I believe that 9ths are not commonly added to half diminished chords. If we wanted to write all the diatonic 7th chords of the E♭ Major scale, with the 9th added, we would have for example on the VI degree the notes C, E♭, G, B♭, D (the 9th), making it a C-9 chord, but the VII degree would be D, F, A♭, C (with no 9th added), becoming D-7♭5.

I understand that any notes are permitted in music, but, why is this common practice? Is this correct?

  • Hi David -- I mentioned that I thought it was common practice not adding the 9th because I don't see it very much, but if musicians do play it in a half-diminished chord context, why aren't they written? It has to do with some dissonance avoidance rule like a minor 2nd or tritone? Is there something «slippery» about this 9th? Commented Mar 24, 2018 at 15:30
  • It seems like I have heard m9♭5 chords in the wild, and I think that I have occasionally played them, but maybe you are right that they aren't that common. I checked Ted Greene's Chord Chemistry, which does not list this chord and says: "the only altered minor chord that is widely used is the m7♭5 type."
    – user39614
    Commented Mar 24, 2018 at 15:39
  • Thanks for the book reference David, I'll check it to learn a bit more about chords. In the meanwhile, if anybody has some explanation why this 9th isn't added, it would be very appreciated. Commented Mar 24, 2018 at 15:44
  • If you are looking at diatonic 7th chords, then the ninth chord built on the 7th degree of E♭ would be Dm7(♭5♭9), which sounds pretty dissonant. The ♭9 is considered an avoid note of the Locrian mode. But Dm9♭5 can be constructed from the 6th degree of F melodic minor (Locrian #2), which has no avoid notes.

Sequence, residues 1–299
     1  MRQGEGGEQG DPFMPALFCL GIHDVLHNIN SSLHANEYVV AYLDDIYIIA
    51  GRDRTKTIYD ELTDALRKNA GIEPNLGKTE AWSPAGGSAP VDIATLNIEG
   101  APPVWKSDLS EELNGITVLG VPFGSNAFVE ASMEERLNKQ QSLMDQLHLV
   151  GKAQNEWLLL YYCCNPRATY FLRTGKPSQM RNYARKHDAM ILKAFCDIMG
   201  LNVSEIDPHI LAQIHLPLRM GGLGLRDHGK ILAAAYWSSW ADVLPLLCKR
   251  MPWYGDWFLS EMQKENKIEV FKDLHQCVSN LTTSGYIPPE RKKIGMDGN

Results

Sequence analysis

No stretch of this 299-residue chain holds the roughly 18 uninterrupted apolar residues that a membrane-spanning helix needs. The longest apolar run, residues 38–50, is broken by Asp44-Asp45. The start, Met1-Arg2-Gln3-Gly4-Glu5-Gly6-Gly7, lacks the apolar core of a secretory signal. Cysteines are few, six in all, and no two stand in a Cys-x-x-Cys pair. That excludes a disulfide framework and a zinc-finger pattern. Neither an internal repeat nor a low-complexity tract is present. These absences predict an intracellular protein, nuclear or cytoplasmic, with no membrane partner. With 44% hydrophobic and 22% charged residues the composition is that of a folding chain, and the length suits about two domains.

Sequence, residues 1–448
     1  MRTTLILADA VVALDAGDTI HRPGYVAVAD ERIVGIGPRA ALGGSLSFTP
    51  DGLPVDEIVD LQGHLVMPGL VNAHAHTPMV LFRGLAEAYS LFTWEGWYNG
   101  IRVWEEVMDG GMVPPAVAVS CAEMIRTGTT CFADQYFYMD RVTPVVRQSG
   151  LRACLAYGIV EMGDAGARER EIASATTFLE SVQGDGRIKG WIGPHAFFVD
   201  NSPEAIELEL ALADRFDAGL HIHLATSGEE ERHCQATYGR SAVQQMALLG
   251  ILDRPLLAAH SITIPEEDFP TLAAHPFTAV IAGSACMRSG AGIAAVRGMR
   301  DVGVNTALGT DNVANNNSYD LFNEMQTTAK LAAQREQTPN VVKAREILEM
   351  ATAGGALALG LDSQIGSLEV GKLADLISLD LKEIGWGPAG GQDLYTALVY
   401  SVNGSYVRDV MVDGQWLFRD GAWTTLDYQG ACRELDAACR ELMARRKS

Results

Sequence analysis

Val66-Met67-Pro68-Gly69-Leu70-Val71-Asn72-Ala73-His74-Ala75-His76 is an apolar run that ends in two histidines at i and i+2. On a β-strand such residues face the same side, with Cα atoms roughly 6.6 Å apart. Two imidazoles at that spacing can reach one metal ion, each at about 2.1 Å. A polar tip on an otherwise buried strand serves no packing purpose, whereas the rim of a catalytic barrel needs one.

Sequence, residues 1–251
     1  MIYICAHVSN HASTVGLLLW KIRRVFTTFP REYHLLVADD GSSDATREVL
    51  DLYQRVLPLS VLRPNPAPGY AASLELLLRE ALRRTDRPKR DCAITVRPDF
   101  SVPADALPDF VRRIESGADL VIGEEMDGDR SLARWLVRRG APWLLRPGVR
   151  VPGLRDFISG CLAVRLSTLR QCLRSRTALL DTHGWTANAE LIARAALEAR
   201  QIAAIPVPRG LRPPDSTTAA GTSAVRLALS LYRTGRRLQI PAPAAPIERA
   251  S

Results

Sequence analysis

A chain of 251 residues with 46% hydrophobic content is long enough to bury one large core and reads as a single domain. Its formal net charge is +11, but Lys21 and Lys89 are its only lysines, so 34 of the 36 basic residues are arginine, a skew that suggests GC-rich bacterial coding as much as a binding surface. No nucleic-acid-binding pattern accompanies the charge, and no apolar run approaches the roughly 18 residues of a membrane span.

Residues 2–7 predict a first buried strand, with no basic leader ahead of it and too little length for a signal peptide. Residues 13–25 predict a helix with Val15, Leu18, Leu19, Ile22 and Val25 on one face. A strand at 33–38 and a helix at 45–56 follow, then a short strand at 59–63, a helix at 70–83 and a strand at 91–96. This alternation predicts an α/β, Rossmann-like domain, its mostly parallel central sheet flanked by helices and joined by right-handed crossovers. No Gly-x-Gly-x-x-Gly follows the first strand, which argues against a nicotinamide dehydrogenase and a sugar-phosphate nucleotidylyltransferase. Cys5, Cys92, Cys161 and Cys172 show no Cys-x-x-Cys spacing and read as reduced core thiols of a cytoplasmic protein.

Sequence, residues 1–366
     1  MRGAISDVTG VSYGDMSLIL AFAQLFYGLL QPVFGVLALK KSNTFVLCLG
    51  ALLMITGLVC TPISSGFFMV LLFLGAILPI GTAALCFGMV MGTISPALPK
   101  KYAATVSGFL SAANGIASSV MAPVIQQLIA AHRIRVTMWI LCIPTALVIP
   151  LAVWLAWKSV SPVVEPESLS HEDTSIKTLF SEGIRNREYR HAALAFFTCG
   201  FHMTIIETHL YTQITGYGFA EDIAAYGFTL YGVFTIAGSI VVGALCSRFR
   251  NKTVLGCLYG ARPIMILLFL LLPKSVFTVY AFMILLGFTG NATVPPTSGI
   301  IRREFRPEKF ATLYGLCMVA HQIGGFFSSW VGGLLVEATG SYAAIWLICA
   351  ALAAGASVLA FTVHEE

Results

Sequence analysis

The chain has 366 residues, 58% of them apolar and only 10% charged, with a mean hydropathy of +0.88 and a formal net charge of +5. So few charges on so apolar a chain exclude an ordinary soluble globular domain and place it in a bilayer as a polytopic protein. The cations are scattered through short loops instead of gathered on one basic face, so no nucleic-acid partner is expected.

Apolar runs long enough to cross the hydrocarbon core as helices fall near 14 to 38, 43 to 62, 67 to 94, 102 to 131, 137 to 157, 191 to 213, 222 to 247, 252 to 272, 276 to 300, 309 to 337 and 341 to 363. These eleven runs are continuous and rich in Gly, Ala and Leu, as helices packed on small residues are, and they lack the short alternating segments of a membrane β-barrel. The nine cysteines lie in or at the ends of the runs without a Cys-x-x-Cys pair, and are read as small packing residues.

– user39614
    Commented Mar 24, 2018 at 16:03
  • 1
    The obvious counterexample is a dominant 7♭9 chord. These are used all the time and sound great.
    – user39614
    Commented Mar 24, 2018 at 18:29

1 Answer 1


As mentioned in the comments, what you would get is a b9, which is an avoid note for minor chords, i.e., chords with a minor third (regardless of the 5).

Note that you get the same problem with the III chord (Gm7 in the key of Eb major). Its diatonic ninth would be an Ab, which is the b9, and again it is not used, because also here it is considered an avoid note. So it is not only half-diminished chords that usually will not be played with a b9, but also minor seventh (m7) chords. Of course, in both cases you can decide to use a non-diatonic (major) 9th, but that's a different story.

The only chord type where a b9 is used on a regular basis is the dominant seventh chord, especially if it resolves down a perfect fifth, because there the added tension is desirable.

  • 1
    Excellent -- I did noticed the same dissonance when adding the 9th to the Gm7 chord in the key of E7 major, but in the half-diminished chord seemed even more harsh, perhaps just my ear. Thank you, Matt, and all that commented, it's clearer now. Commented Mar 26, 2018 at 8:00
  • I also discovered in the book "Modern Harmony Step by Step" by Ricky Schneider that indeed the 9th are avoided notes in III- and VII- degrees. Screenshot: i.imgur.com/GEOnKVh.png -- the book mentions in the previous page that a tension is available when it forms an interval of 9 with one of the notes of the chord and not available when it forms one of b9. Could this rule come from classical music? Commented Mar 27, 2018 at 19:53
  • @MarcoA.Ferra: I don't know that book, but in practice that rule is not followed. As I've mentioned in my answer and elsewhere, the b9 is definitely available and used a lot with dominant seventh chords. There are also other examples such as major add 4 chords where there's a half step (or a b9) between a chord tone and the tension.
    – Matt L.
    Commented Mar 27, 2018 at 20:19

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